Like the rest of the roster this year, the Orioles bullpen is short on experience. That includes the closer role, especially. Going back a couple years to when he was healthy, Zack Britton spoiled O’s fans as one of the best, if not the best, closers in the game.
In three full seasons from 2014-2016, Britton rang up 120 saves with a 1.38 ERA, 0.90 WHIP, and 9.3 SO/9 in 209 innings pitched. Britton was solid in 2017 when he did pitch, earning 15 saves with a 2.89 ERA, but was limited due to nagging injuries.
Brad Brach served in the closer role during the first portion of last season while Britton was recovering from offseason achilles surgery. In 42 games with the O’s before being traded to the Atlanta Braves, Brach had 11 saves in 13 opportunities with a 4.85 ERA.
In only 16 games with the Orioles last year, Britton managed four saves in five opportunities, compiling a 3.45 ERA in the process. Then he was shipped off to the Yankees. That’s when Mychal Givens took over.
Givens managed nine saves in 13 opportunities, pitching to a 3.99 ERA overall. And the potential for more is there. Givens is a converted shortstop who comes in with a deceptive delivery, somewhere between three-quarters and side-arm, while flashing mid-to-high 90s heat and wicked movement on his pitches.
In a young Orioles bullpen with few sure things in 2019, Givens stands out as the most obvious candidate to close. He even has some experience in the minors in that role, converting 21 out of 25 save opportunities over three minor league seasons.
There are a lot of open spots in the bullpen that will be filled depending on spring competition, but based off last year there are a few guys with at least a leg up on the competition in terms of making the club as relievers.
Richard Bleier is one such case, although he is coming off lat surgery and the Orioles seem content to ease him back into action. In his past two seasons in an Orioles uniform, Bleier has exceeded all expectations, putting up a 1.97 ERA in 96 innings to go along with a 1.19 WHIP. But he has very little career closing experience — over the course of 10 minor league seasons, Bleier accumulated eight saves in 16 chances.
Left-hander Tanner Scott has an electric arm but continues to struggle with control at the major league level. In 53.1 innings with the O’s last year he had a 5.40 ERA. Scott didn’t get much experience closing while in the minors, only earning seven out of 12 saves over the course of five seasons.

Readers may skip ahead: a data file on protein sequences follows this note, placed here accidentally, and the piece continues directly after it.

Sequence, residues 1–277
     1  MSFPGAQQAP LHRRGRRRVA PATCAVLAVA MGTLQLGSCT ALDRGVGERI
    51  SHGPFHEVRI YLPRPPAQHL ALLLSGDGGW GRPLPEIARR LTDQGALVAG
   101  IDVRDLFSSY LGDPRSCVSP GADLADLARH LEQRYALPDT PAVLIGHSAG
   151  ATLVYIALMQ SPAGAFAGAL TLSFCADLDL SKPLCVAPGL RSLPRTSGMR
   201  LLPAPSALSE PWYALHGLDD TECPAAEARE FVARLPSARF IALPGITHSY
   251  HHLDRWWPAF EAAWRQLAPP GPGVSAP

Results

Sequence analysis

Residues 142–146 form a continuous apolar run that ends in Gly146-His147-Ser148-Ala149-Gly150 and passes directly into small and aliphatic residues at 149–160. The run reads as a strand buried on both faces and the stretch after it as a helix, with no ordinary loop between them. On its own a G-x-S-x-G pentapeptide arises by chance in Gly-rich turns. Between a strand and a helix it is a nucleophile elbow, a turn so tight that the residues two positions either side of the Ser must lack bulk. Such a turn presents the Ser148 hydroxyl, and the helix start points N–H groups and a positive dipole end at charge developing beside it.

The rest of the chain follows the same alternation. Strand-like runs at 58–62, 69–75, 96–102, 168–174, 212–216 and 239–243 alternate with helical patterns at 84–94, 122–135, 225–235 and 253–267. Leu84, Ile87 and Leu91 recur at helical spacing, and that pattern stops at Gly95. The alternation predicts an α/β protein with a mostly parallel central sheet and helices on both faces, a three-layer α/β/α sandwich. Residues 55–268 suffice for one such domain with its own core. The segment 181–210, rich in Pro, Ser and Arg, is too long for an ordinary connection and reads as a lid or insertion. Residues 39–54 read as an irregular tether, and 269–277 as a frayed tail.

Youngster Cody Carroll has some minor league experience closing (22 saves in 32 chances), but he struggled to the tune of a 9.00 ERA in limited big league action last year. Other guys like Jimmy Yacabonis, Mike Wright and Miguel Castro profile more in the long reliever role than anything else.
Closers aren’t necessarily a dime a dozen, but they can be discovered in unexpected places. As many people say, the ninth inning is just a different animal than the rest of the game, and it takes a special mindset to thrive there.
Sometimes the best closers are converted starters who didn’t excel in their original role, for whatever reason, but who dominated when given the chance to show their stuff in single inning bursts at the end of games. Zack Britton is one such example of a former starter turned dominant closer.
One darkhorse candidate for the Orioles’ closer role this year is minor leaguer Branden Kline, who has impressed so far in early spring training game action. Kline’s career so far has been slowed by injuries, but in 44 games split between Frederick and Bowie last year, he had 17 saves in 18 chances and a 1.64 ERA. It’s unclear whether he will break camp with the Orioles or appear during the summer, but he is likely to earn a call to the show sometime this year.
There’s a decent chance that whoever establishes themselves as the new Orioles closer this year won’t even be on the next competitive O’s team. That includes Mychal Givens, who could bring back some attractive pieces in a trade if he is able to establish himself as a capable closer the first half of the season. That being said, the Orioles have plenty of time to identify and acquire potential ninth inning candidates who will mature in time to close for the next competitive O’s team.